Sunday, October 26, 2014   




Pre-handover agreement no longer valid, Sri Lanka judges rule

Erick Ko

Monday, April 26, 1999

pect freed by appeal court

A SRI LANKAN Court of Appeal has ordered the release of a man wanted

for murder in Hong Kong, ruling that an extradition agreement was no

longer valid after the handover.

The court ordered the release of Attanayake Wasala Panditha

Mudiyanselage Ajith Dangamuwa, the prime suspect in a 1995 murder of

an Indian tourist in Chungking Mansions, Tsim Sha Tsui.

A spokesman for the Security Bureau said the Hong Kong government

respected the decision, but would pursue the matter.

"We will not give up our pursuit of prosecution against Dangamuwa,"

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the spokesman said. "Efforts to bring him to justice will not be

spared."

Sri Lankan Justices J de Silva and Amir Ismail overturned a previous

high court ruling that Dangamuwa could be sent back to Hong Kong. They

ruled that a Commonwealth extradition agreement with Britain applied

to Hong Kong before the handover, but not after.

"Accordingly, I hold that the request for extradition is

frustrated," Mr Justice de Silva ruled.

With the extradition request denied, there was no longer any valid

reason for the authorities to keep Dangamuwa in jail, the judge said.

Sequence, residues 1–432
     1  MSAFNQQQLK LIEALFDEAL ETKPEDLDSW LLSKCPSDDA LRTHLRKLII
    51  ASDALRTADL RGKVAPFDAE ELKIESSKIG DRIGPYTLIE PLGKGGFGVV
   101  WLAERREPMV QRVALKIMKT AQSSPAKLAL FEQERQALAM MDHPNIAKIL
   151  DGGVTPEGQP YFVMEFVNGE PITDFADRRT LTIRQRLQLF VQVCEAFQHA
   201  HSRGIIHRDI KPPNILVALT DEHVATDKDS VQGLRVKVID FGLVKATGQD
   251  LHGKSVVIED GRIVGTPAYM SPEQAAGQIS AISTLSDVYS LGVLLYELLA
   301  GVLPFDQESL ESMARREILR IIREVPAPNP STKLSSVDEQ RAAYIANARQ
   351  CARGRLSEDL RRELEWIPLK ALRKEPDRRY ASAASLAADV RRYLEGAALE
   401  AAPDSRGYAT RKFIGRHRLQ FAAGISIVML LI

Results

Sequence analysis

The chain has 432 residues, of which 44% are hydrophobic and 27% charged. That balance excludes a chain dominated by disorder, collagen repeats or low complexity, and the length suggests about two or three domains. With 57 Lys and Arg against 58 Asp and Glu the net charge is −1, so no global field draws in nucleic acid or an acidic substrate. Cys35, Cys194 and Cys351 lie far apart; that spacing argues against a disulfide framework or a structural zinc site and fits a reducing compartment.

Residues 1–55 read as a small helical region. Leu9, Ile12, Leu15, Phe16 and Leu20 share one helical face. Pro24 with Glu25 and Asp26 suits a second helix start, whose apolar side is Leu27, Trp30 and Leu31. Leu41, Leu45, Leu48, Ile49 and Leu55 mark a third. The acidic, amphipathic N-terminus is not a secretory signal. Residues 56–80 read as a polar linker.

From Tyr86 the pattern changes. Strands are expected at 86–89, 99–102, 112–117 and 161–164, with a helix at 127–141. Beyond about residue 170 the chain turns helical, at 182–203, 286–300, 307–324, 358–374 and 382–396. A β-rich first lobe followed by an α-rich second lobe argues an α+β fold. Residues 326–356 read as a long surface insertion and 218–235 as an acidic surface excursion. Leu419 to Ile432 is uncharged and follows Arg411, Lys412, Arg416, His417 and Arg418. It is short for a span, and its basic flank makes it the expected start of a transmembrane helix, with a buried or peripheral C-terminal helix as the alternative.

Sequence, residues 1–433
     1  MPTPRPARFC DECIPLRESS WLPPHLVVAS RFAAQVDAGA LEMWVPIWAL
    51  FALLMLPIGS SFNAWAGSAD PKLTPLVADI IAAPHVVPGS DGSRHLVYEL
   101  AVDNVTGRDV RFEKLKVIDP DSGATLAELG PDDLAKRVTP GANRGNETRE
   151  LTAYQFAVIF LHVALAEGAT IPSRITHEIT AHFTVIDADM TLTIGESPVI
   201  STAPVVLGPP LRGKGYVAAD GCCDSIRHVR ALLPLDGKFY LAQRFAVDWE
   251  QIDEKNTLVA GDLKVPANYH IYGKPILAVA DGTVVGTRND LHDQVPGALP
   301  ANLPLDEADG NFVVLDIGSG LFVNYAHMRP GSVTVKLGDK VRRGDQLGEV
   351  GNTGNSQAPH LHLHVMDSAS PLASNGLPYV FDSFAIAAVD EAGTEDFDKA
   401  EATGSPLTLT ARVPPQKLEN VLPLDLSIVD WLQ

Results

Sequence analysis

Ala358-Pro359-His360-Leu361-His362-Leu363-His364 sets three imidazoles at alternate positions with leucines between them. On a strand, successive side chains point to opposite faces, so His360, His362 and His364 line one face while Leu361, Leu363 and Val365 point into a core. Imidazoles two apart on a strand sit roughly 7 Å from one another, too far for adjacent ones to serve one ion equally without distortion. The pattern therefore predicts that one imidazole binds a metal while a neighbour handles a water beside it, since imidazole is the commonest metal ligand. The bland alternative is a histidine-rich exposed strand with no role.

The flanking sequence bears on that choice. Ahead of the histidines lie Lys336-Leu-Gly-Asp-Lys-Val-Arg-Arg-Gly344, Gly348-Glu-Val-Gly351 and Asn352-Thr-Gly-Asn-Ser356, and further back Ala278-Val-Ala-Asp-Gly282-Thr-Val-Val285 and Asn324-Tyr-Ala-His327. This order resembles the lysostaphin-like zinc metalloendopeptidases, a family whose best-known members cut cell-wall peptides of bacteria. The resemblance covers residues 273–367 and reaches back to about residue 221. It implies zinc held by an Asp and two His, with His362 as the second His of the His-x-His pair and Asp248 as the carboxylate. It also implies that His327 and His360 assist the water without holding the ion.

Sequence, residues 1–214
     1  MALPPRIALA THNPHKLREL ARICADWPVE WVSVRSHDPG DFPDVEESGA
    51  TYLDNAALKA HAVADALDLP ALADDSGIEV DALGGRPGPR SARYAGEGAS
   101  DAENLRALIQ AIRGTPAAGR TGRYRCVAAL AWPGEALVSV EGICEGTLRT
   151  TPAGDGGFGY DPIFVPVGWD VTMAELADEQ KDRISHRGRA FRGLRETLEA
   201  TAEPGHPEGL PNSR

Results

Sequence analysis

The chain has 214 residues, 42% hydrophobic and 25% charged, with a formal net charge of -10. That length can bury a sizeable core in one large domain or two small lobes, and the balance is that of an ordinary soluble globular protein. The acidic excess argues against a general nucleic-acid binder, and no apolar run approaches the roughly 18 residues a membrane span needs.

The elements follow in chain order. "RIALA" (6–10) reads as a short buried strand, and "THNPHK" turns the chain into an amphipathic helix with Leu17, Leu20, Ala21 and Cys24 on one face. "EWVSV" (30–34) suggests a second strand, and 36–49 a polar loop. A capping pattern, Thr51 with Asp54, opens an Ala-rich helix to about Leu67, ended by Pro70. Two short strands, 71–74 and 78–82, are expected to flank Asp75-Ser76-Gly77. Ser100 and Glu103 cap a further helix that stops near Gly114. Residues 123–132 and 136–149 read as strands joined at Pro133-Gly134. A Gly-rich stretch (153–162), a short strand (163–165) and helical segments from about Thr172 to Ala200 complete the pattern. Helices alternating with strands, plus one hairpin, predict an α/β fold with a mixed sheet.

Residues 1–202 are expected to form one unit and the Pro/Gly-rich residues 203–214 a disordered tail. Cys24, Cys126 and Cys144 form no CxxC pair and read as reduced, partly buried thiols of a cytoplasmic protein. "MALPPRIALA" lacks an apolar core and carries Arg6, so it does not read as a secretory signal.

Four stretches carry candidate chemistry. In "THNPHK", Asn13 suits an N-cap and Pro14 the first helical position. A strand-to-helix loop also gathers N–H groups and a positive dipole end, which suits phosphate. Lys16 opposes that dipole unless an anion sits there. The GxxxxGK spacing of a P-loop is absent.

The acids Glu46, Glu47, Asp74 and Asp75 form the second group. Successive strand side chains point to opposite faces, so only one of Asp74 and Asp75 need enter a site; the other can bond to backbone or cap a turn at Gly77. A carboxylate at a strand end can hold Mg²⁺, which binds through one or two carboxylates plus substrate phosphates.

Dangamuwa, 54, is accused of killing Sushila Pandey, a 37-year-old

Indian tourist who came to Hong Kong in November 1994.

Pandey was strangled to death on 16 February 1995, according to a Hong

Kong coroner's report. She was two months pregnant.

The woman was found dead in a bed inside a room on the eighth floor of

Block A in Chungking Mansions. A police press release issued shortly

after the murder said the person in charge of the guest house received

a call from the room's tenant.

The caller apparently said something had happened in the room. Police

later said the room was rented by Dangamuwa. He and the victim had

reportedly been living together. Robbery was ruled out as the room had

not been ransacked.

Hong Kong asked the Sri Lankan government to extradite Dangamuwa on 12

June 1996 and legal proceedings were begun but did not conclude until

three days before the handover.

The Sri Lankan High Court ruled that Dangamuwa could be extradited,

but he appealed.

The Sri Lankan government argued that the Sino-British Joint

Declaration maintained the extradition agreement. Mr Justice de Silva

disagreed.

"The joint declaration by the two countries does not in any way make

the operation of the international agreements mandatory," he said.

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END


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